Regression results

The regression results show several factors that affect the proportion of smallholder households’ earned income (see Table 5). The assumption is that the higher the proportion of earned income, the more effort households exert to earn their living. The household head’s endowment with positive PsyCap has a positive and significant effect on the proportion of earned income in a household. When farmers are classified as ‘self-reliant and resilient’ (FT_CLU2) and ‘PsyCap & future-focused’ (FT_CLU3), the probability of earning their income increases. This demonstrates that, ceteris paribus, endowment with positive PsyCap motivates smallholders to work and earn their livelihood. Smallholders endowed with positive PsyCap are confident, optimistic and resilient, and have hope for the future. Self-reliant and resilient farmers have control over their destiny. They are not dependent on handouts from government. The findings support the trait theories which state that individuals endowed with certain characteristics will behave and respond to situations differently (Brockhaus 1982). Other studies have demonstrated the importance of PsyCap in promoting entrepreneurship in the smallholder agricultural sector (Narayanan et al. 2016; Chipfupa and Wale 2018b).

Table 5 Fractional regression model results

The social grant support affects the household’s proportion of earned income. Both social grant-related variables, i.e., SOCG_YRS and SOCG, are negative and significant at 5% and 1% level. A 1% increase in the number of years a household has been receiving the grant decreases the proportion of earned income by 0.029. This shows that, despite the contribution of the social grant programme to social welfare, beyond certain levels, the support tends to diminish smallholders’ motivation to earn their living. The more years they receive social grants, the higher the external locus of control. The larger the contribution of unearned income, the lower the internal locus of control. There is evidence that shows that social transfers may lead to a reduction in the supply of casual agriculture labour as they make work less attractive (Moffitt 2002). If this is not off-set by on-farm employment, it will result in the reduction in household earnings and an unsustainable dependency on the grant support as a source of livelihoods. The findings confirm other studies showing that social grants act as a disincentive for smallholders to engage in market-oriented farming (Bertrand et al. 2003; Sinyolo et al. 2017). However, they are contrary to conclusions made by other studies (Ardington et al. 2009; Daidone et al. 2019). Daidone et al. (2019) concluded that social transfers do not result in reduction in smallholder work effort whilst Ardington et al. (2009) showed that social transfers increase the employment of prime-age adults. The differences in findings could be due to the different contexts, and indeed, Daidone et al. (2019) found results to differ according to the local context in the country studied.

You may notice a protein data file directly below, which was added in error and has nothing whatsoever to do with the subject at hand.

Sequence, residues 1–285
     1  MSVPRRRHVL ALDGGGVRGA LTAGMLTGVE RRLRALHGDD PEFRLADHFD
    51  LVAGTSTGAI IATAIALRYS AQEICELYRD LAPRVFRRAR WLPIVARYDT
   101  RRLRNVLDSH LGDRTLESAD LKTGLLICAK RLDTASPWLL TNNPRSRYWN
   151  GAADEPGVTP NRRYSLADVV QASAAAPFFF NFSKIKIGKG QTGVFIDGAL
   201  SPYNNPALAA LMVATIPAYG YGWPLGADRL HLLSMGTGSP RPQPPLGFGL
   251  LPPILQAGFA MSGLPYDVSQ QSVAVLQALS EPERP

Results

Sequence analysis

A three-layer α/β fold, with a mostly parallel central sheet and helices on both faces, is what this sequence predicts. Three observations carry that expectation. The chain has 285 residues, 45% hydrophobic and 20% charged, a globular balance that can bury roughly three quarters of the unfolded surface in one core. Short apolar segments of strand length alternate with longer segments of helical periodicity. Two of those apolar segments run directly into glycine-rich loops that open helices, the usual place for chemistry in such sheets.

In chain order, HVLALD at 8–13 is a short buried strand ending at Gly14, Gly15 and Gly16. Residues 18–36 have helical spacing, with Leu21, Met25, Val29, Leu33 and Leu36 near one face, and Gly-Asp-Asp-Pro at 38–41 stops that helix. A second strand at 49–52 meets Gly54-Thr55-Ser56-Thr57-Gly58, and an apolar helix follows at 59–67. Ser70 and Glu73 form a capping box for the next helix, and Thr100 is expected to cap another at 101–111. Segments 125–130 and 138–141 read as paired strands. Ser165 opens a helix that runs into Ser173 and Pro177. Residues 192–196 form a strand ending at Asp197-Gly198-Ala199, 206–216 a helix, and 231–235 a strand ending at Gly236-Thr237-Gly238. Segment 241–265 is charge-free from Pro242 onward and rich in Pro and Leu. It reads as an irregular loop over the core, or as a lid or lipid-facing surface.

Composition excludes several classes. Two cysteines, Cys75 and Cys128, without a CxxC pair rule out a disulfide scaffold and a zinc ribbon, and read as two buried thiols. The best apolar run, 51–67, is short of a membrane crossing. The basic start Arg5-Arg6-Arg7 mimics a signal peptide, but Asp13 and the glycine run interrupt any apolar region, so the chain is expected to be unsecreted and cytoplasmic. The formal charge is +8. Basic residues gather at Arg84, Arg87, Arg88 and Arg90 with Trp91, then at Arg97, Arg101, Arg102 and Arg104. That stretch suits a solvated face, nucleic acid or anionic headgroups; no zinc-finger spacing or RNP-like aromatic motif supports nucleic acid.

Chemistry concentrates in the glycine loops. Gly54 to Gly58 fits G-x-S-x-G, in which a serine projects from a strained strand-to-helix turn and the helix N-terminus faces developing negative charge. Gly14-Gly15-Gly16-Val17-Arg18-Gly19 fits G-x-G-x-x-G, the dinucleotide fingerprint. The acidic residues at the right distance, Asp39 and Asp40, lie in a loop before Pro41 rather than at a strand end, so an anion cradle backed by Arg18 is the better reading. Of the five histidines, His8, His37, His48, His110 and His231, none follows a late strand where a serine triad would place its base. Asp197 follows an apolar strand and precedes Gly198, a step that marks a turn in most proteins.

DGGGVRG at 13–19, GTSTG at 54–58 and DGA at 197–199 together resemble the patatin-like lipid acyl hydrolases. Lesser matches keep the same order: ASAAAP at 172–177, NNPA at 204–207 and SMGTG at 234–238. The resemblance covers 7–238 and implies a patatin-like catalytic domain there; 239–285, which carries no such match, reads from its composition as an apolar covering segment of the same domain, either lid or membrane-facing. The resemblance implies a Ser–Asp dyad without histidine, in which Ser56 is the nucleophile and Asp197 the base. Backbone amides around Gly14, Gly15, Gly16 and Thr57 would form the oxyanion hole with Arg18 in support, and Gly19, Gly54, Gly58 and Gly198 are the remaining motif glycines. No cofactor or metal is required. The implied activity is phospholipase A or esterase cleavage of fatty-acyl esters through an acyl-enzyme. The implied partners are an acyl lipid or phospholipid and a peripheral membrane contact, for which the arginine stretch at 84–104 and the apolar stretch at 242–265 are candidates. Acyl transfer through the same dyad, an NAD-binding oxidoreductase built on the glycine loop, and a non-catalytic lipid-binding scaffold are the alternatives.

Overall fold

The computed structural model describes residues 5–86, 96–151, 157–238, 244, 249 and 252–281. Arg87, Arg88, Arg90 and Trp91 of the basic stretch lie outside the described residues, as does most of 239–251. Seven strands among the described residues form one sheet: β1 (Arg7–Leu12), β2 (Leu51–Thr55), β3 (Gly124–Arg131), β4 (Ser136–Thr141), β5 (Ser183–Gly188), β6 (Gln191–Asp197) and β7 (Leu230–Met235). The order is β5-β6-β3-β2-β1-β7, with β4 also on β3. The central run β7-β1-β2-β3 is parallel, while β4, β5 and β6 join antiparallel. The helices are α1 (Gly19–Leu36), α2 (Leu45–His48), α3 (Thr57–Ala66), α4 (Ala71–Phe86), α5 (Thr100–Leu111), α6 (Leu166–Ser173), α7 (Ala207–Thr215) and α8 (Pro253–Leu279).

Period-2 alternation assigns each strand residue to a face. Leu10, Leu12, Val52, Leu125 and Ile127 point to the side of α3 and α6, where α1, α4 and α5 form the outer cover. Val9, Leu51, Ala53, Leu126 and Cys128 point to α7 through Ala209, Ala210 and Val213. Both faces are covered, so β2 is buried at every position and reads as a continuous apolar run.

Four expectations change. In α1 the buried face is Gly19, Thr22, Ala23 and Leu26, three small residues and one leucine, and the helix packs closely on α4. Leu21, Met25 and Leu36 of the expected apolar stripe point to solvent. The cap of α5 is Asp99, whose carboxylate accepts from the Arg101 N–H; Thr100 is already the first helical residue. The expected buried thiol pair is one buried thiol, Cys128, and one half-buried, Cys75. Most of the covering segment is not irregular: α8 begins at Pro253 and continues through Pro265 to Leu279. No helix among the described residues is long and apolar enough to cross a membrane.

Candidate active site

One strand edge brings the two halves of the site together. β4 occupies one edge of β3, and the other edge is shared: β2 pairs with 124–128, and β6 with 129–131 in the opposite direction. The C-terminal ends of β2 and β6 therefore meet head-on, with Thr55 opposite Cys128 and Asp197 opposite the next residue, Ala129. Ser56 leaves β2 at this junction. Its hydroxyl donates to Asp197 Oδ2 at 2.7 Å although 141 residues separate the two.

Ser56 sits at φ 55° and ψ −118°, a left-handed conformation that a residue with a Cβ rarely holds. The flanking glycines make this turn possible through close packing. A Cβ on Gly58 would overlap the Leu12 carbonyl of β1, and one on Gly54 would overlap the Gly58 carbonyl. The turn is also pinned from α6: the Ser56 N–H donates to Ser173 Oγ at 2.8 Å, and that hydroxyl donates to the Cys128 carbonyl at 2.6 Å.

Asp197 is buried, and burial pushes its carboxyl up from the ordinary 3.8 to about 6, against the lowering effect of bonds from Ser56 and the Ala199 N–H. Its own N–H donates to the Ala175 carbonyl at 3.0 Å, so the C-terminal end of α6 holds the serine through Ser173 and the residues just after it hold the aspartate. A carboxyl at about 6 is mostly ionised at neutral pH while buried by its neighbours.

Membership to an irrigation scheme (MEM_SCH) has a positive and significant effect (P < 0.001) on the proportion of earned income in a household. The resources (knowledge and skills, water, financial and material support) available to smallholders through the schemes enhance their propensity to put more effort and be productive. Moreover, the competitive environment inside the irrigation scheme motivates farmers to work and perform better than their counterparts. These findings are in line with other studies. Dube (2016) showed that smallholders in irrigation schemes perform better in terms of productivity compared to those outside of the scheme. After accounting for all other factors, Hagos et al. (2009) showed that the income earned under smallholder irrigation systems is higher (US$323/ha) compared to that for rain-fed farming systems (US$147). This demonstrates the importance of small-scale irrigation systems in improving the incomes of rural households.

The amount of land owned (LAND) by a smallholder household is also positive and significant (P < 0.05) in affecting the proportion of income earned by the household. A 1% increase in the land available to smallholder farmers results in a 0.016 increase in the proportion of earned income. Due to the water scarcity challenges, availability of irrigable land can be an incentive to engage in farming and will enhance the farmers’ chances of earning more income. The challenge, though, is the scarcity of irrigable land. Only 5.5% of the total cultivable land in Africa is irrigable (Abrams 2018). Thus, smallholders in the schemes have a marginal latitude for expanding land under cultivation. Even for those irrigating outside the schemes, increasing land under cultivation is affected by the limited available water resources. The study results also showed that the gender of the household head (GENDER) positively and significantly affects the proportion of earned income. Due to cultural and social norms, men have more opportunities for off-farm work engagement (e.g., casual and permanent employment) compared to women (Holmes and Jones 2011). This means women are most likely to be less involved in off-farm employment activities compared to men (Mendola and Carletto 2012), which reduces their opportunities for earning more income. Moreover, the reproductive roles of women, due to gender stereotyping and other cultural traditions, act as demotivating factors or constraints to their participation in economic activities (Holmes and Jones 2011; Kidder et al. 2014). Matshe and Young (2004) also found similar results from a study in rural Zimbabwe.